@Rosco true necrosis is an issue, but this is not a bad idea for temporary moving of power and data… like snap it on, move your shit… 5 mins max maybe? … then snap it off and walk… could be nice actually.
Absolutely… worked on some coatings once… the bottom line here is that skin is your barrier to infection, and now you want to put a permanent hole in it. The only way TDs are going to work long term is if there is a way to get the skin and tissue to literally bond with the metal or substrate coming out in a way that is actually sealed, not just kinda grown into, but sealed to the point where the skin is acting as a microbial barrier.
That, or trick the body into growing a different kind of tissue structure around the transdermal… something like how gums grow around teeth. Your gums are constantly trying to close up around your teeth, and the way they interface with and grow into the roots sets up a battleground for the constant march of microbes into that space… the body knows it can’t form an actual seal, so it puts the tissue structures to work to trap and kill them… but it is a constant battle waged there… so unless you can get your skin to act the same way, the skin will eventually lose and the device will be rejected as its surface is inundated with invadors, many of which will set up biofilms and other protective measures to establish even stronger surface colonies… it’s called “biofouling” and it is one serous reason why implants must have specific surface qualities. Even a fully implanted, covered, and encapsulated implant can serve as a colonization point for random bacteria floating around in our body… particularly staph… which is everywhere on and inside us.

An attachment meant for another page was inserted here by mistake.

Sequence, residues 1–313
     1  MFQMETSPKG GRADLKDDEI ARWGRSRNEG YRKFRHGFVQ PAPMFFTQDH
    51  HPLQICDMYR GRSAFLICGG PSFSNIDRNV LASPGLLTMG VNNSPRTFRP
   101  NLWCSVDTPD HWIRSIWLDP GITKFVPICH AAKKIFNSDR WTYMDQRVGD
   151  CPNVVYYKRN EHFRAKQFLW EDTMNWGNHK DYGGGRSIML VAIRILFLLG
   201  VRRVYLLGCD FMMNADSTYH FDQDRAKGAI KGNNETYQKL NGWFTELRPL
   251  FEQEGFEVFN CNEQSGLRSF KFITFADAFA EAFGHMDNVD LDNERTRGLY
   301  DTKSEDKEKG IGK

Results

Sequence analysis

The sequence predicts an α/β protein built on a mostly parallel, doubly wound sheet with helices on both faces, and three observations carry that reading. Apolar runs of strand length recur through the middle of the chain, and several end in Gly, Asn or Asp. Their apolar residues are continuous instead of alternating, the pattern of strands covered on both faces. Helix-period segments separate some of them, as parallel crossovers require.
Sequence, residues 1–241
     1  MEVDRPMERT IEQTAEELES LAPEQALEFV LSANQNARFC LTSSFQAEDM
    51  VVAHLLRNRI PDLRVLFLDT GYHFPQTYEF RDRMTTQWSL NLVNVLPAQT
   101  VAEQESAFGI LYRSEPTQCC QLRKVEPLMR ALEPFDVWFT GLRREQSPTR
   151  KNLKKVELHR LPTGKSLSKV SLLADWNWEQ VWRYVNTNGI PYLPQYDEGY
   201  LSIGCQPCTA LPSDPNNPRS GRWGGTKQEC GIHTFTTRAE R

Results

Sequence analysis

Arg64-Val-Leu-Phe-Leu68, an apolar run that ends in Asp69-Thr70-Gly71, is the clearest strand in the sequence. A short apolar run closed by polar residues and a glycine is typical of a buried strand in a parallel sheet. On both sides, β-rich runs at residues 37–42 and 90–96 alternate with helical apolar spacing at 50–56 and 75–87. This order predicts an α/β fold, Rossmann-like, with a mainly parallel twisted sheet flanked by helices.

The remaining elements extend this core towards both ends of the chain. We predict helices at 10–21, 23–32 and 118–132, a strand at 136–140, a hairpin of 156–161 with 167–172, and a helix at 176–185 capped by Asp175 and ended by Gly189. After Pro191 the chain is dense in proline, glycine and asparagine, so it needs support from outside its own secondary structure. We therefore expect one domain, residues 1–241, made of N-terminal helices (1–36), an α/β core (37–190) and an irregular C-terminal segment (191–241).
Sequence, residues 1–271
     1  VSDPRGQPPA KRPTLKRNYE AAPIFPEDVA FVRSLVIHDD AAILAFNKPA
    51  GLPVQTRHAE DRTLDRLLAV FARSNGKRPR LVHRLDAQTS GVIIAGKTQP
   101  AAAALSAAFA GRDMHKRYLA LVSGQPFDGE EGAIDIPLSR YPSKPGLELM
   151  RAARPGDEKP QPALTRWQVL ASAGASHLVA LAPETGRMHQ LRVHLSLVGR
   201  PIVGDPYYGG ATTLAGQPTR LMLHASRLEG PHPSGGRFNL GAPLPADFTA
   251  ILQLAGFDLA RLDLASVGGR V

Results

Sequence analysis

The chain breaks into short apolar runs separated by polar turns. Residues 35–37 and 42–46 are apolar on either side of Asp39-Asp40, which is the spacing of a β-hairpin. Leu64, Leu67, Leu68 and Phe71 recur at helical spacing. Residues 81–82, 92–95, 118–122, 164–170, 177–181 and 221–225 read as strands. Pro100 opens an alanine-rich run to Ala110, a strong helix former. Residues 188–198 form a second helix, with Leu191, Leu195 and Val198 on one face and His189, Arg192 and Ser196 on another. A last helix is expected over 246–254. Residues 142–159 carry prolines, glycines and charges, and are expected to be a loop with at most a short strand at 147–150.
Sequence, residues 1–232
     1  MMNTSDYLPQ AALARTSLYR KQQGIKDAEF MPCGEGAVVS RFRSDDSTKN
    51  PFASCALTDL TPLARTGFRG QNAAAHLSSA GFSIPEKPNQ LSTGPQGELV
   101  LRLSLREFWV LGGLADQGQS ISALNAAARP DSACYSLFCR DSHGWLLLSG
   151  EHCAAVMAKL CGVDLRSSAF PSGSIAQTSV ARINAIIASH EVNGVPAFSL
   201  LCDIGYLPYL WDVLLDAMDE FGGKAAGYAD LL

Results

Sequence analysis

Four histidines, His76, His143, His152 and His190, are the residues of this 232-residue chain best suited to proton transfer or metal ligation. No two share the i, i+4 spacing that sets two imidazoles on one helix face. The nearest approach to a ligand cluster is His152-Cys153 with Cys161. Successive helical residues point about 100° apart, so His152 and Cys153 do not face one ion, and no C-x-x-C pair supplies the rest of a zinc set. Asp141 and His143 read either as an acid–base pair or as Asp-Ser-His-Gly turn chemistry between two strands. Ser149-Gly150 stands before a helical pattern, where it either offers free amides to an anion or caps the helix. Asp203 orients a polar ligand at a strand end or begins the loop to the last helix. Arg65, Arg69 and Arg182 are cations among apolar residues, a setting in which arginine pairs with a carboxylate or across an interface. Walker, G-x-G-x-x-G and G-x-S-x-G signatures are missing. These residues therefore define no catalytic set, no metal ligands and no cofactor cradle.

When a staph bacterium attaches to the surface of an implant, if the surface allows proliferation, that bacterium will go about establishing a colony and producing biofilm over-top of that colony to hide and protect itself from the body’s defenses… until the colony is so large it’s producing a ton of effluent (waste) which often causes certain symptoms in the body, and then the white blood cells go on the hunt… but honestly biofilms that protect colonies are very hard to get through, especially on implantable devices… this is why pacemakers and other implants (usually titanium but also plastics) sometimes have to be removed after only a few years… because the surface has “fouled” and is covered in a giant colony of bacterium… all pumping out crap proteins and other garbage that can make you very ill or even kill you.
Anyway… transdermals are hard.